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Canada Morning Update: Doug Ford’s victory and what it means for Ontario

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These are the top stories:

Doug Ford and the Progressive Conservative Party won a majority in the Ontario election. Here’s what you need to know

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  • The Ontario Liberals’ 15-year reign is over, with Doug Ford leading the PCs to a majority victory
  • The NDP will form the official opposition
  • Kathleen Wynne resigned as Liberal Leader
  • Green Leader Mike Schreiner picked up the party’s first ever seat
  • The seat totals are as follows: PCs 76, NDP 40, Liberals 7, Greens 1

What Ford’s victory means for businesses

“My friends, help is here,” Ford said in his victory speech. “Tonight, we have sent a clear message to the world, Ontario is open for business.” But while Ford campaigned on a vow to “cut the red tape,” he didn’t release a fully costed platform by the end of the election. Among his pledges: scrapping a plan to further raise the minimum wage as well as eliminating the cap-and-trade system for reducing greenhouse gases. The cannabis sector is showing cautious optimism about Ford’s tenure, which could see a less-regulated retail environment. And despite Ontario’s economic growth, the incoming PC government will have to tackle a number of big economic challenges, from the province’s debt to uncertainty over trade with the U.S. (for subscribers)

The Liberal tanking

The Liberals finished with just seven seats, one short of the eight needed for the official party status that results in extra funding in the legislature. Kathleen Wynne, who already conceded the election last weekend, used her speech to resign as party leader: “It is the right thing to do,” she said through tears. “There is another generation, and I am passing the torch to that generation.”

The NDP seat jump

While Andrea Horwath’s party didn’t emerge on top, they did more than double their seat count in the legislature from 18 to an expected 40. It’s the NDP’s strongest showing since Bob Rae’s win in the 1990 election.

Opinion and analysis

Marcus Gee says Ontarians are in for a wild ride: “Ford’s plans are sketchy, his temperament volatile. He is the wildest of wild cards. When he was right-hand man to his brother at Toronto city hall, he often out-Robbed Rob in his blustering and bullying. Nothing in his shallow, sloganeering performance during this election campaign suggests he has changed. Now, he is about to become premier of the country’s most-populous province. Premier Doug Ford. Let those words sink in for a bit. This promises to be a crazy ride.” (for subscribers)

Barrie McKenna argues Ontario has voted for more of what it doesn’t need – economic uncertainty: “Ford has offered no indication that he has a comprehensive plan to deal with the big threats hanging over the province’s economy, including chronic fiscal deficits, sluggish growth, uncompetitive electricity rates and an escalating tariff war with the U.S. that threatens its vital auto and steel industries. That lack of detail will compound the economic uncertainty as the province ushers in a Ford government.” (for subscribers)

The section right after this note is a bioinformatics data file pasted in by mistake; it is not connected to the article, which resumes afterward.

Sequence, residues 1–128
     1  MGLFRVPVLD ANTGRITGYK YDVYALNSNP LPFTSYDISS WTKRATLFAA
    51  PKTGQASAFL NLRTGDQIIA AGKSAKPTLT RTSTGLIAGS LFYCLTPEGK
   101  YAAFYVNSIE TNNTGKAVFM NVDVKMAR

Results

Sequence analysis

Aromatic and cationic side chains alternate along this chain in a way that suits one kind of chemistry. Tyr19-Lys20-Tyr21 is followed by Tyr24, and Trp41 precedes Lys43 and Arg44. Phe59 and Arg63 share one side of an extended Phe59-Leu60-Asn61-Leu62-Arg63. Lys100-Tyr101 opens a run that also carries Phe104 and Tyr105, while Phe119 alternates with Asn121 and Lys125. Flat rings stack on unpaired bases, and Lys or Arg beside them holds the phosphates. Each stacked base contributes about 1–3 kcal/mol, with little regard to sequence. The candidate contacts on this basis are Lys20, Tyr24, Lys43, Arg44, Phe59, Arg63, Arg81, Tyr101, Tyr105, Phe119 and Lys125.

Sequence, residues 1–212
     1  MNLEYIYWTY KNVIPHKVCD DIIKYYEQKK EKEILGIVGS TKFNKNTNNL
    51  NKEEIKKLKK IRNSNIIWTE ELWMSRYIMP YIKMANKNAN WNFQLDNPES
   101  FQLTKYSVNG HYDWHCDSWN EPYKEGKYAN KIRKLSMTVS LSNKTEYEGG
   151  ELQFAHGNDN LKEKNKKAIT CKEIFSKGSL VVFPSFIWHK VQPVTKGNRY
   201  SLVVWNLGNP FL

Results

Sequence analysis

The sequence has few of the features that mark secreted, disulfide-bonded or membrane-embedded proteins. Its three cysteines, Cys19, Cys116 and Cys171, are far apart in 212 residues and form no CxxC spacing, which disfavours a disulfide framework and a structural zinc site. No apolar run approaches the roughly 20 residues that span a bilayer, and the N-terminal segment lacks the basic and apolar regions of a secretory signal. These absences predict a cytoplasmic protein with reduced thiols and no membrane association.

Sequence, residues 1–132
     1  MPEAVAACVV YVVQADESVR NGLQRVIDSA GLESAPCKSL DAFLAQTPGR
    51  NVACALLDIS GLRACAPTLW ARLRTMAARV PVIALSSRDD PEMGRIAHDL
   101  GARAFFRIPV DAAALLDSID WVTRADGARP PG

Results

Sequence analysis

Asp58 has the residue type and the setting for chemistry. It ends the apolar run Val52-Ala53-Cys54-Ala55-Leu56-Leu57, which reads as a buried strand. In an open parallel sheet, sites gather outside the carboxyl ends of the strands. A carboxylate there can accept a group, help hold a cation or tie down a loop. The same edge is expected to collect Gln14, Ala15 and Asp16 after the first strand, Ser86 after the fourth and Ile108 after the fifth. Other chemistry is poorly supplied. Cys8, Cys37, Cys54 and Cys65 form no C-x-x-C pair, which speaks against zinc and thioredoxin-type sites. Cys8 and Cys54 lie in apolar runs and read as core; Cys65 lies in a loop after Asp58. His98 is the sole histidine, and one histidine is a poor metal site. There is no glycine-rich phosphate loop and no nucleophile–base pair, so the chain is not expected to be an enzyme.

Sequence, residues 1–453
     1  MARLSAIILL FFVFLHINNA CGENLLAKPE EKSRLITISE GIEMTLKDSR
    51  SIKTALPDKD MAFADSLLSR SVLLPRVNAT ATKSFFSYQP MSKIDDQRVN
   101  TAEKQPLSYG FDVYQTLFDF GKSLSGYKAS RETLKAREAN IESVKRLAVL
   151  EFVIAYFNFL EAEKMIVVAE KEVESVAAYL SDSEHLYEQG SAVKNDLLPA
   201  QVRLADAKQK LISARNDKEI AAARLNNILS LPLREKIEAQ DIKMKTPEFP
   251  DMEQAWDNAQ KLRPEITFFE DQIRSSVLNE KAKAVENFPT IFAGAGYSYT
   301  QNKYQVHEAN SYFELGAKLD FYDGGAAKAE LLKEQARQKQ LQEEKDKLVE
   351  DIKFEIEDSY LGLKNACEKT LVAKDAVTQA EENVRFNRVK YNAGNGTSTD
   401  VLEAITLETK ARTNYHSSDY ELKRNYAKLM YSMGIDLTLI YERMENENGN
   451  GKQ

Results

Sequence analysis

Elizabeth Renzetti writes that a positive from the Wynne era was the government’s work to improve things for women: “There are legitimate concerns among people who work in women’s health and advocacy that this progress could be erased. The province is not guaranteed to move inexorably forward; backwards is a direction too. I wonder if Wynne will look more appealing in the rear-view mirror.” (for subscribers)

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World leaders are converging in Quebec for the G7 summit

The Group of Seven Summit begins today in Charlevoix, Quebec, where Prime Minister Justin Trudeau and other world leaders intend to take a hard-line stance against U.S. President Donald Trump’s trade and tariff actions. Trump said he was looking forward to “good discussions” at the summit but, unlike his counterparts, is focused more on North Korea than on trade.

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Many of the leaders are also expected to endorse significant measures to protect leading liberal democracies, calling for the creation of a system that would help G7 countries better respond to incidents such as the nerve-agent attack on a former Russian spy and his daughter in Salisbury, Britain, earlier this year (for subscribers).

The Senate approved the cannabis legalization bill

Ottawa is a step closer to lifting Canada’s 95-year-old prohibition on recreational cannabis, however the legislation to legalize the drug passed with nearly four dozen amendments, some of which the government might not accept. Most of the amendments are minor, but about a dozen of them are significant, including one to allow provinces to prohibit home cultivation of cannabis if they choose. The bill will now go back to the House of Commons, where the government can approve, reject or modify the changes.

Interest rates and mortgage regulations are curbing home prices, but debt is still a risk

An assessment released by the Bank of Canada suggests that higher interest rates and tougher mortgage regulations have successfully curbed lofty home prices in Canada. Nonetheless, the bank is warning that the vast size of outstanding debt continues to pose a key risk to the financial system. The bank also notes that it is still too early to gauge the full impact of tighter mortgage standards, the latest of which kicked in at the start of 2018.